Her breast cancer diagnosis in May 2020 was not a complete surprise to Murrells Inlet resident Julie Stone.
Her grandmother, Gladys Shively, died of breast cancer, and her mother, Lori Bush, had recently received her own diagnosis at the age of 69.
Stone was 44 when her own biopsy came back positive for cancer.
“I always knew I would end up with breast cancer,” Stone says. “But I never imagined it would be this early in life.”
A difficult struggle
The lump she discovered in her right breast turned out to be invasive ductal carcinoma, an aggressive form of cancer that her care team at Tidelands Health Cancer Care Network, our region’s most comprehensive provider of cancer care, treated just as aggressively.
Throughout the second half of 2020, while COVID-19 raged across the country, Julie underwent round after round of chemotherapy. She lost her hair and developed anemia.
“There, toward the end, I was ready to throw in the towel,” she says.
Her faith in God, her faith in her medical team and her dedication to her husband, Michael, and son, Brady, sustained her through the struggle and gave her hope.
The day of Stone’s first round of chemotherapy, the family learned Michael had liver cancer.
“There was another reason for living,” Stone says. “I had to get him through his cancer.”
'She never left my side'
Over the months that followed, Stone nursed Michael despite her own pain and suffering. In 2021, Michael went through two liver transplants.
“Even though she was tired and weak, she never left my side,” Michael says.
Stone’s breast surgeon, Dr. Craig Brackett, says Julie’s outlook played an important role in her successful treatment. Dr. Brackett practices at Tidelands Health Breast Center, our region’s only surgical practice dedicated solely to breast health, and serves as medical director of the Tidelands Health breast health program.
“Some people see the glass as half-empty and some see it as half-full,” says Dr. Brackett. “Julie approached it as half-full. She always had a real positive attitude.”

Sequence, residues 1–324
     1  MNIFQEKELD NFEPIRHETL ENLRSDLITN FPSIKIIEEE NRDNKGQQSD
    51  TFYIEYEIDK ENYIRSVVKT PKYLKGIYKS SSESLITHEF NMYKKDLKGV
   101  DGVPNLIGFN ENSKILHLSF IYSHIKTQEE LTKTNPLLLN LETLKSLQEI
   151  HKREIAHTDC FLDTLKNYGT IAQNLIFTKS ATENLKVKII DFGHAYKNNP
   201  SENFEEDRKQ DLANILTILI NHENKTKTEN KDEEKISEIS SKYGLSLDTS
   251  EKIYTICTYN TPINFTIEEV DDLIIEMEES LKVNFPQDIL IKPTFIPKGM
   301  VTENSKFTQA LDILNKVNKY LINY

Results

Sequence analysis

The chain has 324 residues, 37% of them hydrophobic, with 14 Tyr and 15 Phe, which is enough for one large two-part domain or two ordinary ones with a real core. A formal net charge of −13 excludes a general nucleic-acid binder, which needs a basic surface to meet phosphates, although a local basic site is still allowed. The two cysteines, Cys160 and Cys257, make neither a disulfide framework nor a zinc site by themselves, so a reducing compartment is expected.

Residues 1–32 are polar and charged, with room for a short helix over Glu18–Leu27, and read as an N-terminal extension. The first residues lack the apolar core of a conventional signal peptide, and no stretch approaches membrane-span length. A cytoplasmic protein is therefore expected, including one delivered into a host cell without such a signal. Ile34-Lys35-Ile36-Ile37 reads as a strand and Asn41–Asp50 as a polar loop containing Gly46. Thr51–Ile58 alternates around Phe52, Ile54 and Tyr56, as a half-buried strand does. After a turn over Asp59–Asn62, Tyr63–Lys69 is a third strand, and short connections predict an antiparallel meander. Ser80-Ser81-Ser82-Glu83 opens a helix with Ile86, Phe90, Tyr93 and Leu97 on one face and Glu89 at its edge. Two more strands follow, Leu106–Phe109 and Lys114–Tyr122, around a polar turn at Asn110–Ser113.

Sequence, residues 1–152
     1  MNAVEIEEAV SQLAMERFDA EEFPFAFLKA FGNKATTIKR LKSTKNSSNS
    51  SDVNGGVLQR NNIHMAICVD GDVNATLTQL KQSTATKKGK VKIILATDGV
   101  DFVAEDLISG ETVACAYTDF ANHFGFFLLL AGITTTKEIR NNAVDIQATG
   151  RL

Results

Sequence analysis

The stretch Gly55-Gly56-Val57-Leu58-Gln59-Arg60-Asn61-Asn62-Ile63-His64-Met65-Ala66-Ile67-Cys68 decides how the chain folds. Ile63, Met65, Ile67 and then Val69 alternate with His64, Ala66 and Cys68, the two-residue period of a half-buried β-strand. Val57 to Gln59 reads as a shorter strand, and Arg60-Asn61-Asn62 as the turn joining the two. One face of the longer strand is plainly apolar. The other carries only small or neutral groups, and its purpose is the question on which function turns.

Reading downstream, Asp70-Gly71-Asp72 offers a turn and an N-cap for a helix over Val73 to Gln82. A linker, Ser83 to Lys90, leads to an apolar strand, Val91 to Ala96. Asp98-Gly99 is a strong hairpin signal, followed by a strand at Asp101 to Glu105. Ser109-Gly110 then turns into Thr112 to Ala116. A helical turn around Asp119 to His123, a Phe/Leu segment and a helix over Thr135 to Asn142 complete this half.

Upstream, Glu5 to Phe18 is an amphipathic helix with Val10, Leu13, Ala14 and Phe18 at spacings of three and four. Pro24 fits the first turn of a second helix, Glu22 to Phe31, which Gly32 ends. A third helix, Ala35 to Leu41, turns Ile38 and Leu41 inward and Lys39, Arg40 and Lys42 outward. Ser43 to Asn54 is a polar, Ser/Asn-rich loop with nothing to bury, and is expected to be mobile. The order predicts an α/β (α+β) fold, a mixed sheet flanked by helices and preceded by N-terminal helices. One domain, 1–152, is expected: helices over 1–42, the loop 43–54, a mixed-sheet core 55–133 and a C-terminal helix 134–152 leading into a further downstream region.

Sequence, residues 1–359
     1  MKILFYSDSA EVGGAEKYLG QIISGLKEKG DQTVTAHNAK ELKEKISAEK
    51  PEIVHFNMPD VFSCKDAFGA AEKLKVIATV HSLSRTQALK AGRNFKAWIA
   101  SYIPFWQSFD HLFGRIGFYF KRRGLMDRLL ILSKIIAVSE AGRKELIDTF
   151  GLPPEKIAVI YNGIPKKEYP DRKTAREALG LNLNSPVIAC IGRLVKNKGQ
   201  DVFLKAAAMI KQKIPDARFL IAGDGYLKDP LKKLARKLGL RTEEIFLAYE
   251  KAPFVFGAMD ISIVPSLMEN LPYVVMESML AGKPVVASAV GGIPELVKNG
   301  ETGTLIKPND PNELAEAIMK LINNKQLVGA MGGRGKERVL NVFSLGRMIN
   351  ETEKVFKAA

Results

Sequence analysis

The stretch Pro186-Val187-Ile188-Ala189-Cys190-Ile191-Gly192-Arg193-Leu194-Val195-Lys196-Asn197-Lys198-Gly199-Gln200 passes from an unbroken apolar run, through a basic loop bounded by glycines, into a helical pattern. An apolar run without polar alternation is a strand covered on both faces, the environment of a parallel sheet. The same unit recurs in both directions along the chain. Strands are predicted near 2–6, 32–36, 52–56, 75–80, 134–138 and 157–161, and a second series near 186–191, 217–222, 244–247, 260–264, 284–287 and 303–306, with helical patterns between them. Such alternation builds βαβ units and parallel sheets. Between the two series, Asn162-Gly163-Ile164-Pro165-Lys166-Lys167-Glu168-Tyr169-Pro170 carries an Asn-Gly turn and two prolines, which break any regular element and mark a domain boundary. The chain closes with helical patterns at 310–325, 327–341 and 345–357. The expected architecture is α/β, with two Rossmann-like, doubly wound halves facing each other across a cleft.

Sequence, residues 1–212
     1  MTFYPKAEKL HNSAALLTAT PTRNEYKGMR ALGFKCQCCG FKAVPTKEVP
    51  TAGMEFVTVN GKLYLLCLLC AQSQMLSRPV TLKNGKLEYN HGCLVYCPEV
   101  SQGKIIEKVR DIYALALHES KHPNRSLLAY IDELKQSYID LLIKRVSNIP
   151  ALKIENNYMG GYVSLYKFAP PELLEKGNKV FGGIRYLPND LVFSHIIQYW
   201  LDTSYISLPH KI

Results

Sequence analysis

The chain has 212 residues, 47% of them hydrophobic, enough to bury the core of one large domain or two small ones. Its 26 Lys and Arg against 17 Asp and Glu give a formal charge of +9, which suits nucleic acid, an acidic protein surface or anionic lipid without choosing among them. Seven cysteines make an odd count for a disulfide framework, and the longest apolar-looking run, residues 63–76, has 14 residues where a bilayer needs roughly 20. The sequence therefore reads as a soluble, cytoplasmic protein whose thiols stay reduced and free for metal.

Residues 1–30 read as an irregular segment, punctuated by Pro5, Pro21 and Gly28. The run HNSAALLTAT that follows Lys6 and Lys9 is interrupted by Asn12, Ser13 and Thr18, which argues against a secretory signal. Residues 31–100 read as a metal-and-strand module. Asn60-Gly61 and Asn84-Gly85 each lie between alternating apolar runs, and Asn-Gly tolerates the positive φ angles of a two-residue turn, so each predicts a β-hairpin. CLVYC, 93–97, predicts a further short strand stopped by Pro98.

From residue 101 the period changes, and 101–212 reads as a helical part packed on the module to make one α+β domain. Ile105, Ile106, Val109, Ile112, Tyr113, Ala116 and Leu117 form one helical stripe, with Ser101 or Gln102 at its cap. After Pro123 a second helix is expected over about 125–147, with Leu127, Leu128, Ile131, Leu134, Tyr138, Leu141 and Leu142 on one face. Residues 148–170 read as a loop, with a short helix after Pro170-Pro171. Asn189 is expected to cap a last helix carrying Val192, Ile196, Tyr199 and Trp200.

Stone calls Dr. Brackett and her Tidelands Health oncologist, Dr. Catie Burbage, her angels.
“I believe God sent them into my journey,” she says.
Stone had her last chemotherapy treatment on Nov. 3, 2020, followed by a double mastectomy and breast reconstruction.
Nearly two years later, Julie is cancer-free and recovering — and finding the experience has changed her in many ways.
“This whole journey has been a blessing,” Julie says. “It’s been a blessing because it has taught me so much.
“It has taught me that you cannot go through life living in fear. I’ve learned to count my blessings and not my problems.”
Julie says that before her diagnosis, she struggled with anxiety, particularly where doctors were concerned — a condition known as “white coat syndrome.” She refused to go to doctors for fear that they might find something was wrong.
Even after she discovered the lump in her breast, she delayed making an appointment until Michael pushed her to do so.
When she started chemo, Julie documented her experience on Facebook each week, partly to encourage other women to avoid her fate by catching any problems early.
“I have Facebook memories of every chemo I had,” she says. “I shared my journey for people to see that you can overcome this — there’s light at the end of the tunnel.”
Importance of regular screenings
Since then, Julie has become an outspoken advocate for regular check-ups, routine mammograms and following good health practices. In early October, she served as grand marshal of the Tidelands Health Foundation’s In the Pink Breast Cancer Awareness Walk.
She encourages women to undergo regular mammograms as soon as they become eligible.
The team at Tidelands Health Breast Center recommends women at average risk of breast cancer begin regular mammograms at age 40.
Women who are at high risk for breast cancer should get a breast MRI and a mammogram every year, typically starting at age 30. In consultation with a care provider, some women may begin regular screenings at an earlier age depending on unique circumstances and risk factors.
“For those women who are like me and thought, ‘I’m too young to get breast cancer,’ and put it off — well, no, you’re not,” she says.
Above all, Julie says, she learned that she’s far stronger than she ever realized. It’s a lesson she hopes other women living with breast cancer also learn.
“Know that you are capable of anything,” she says.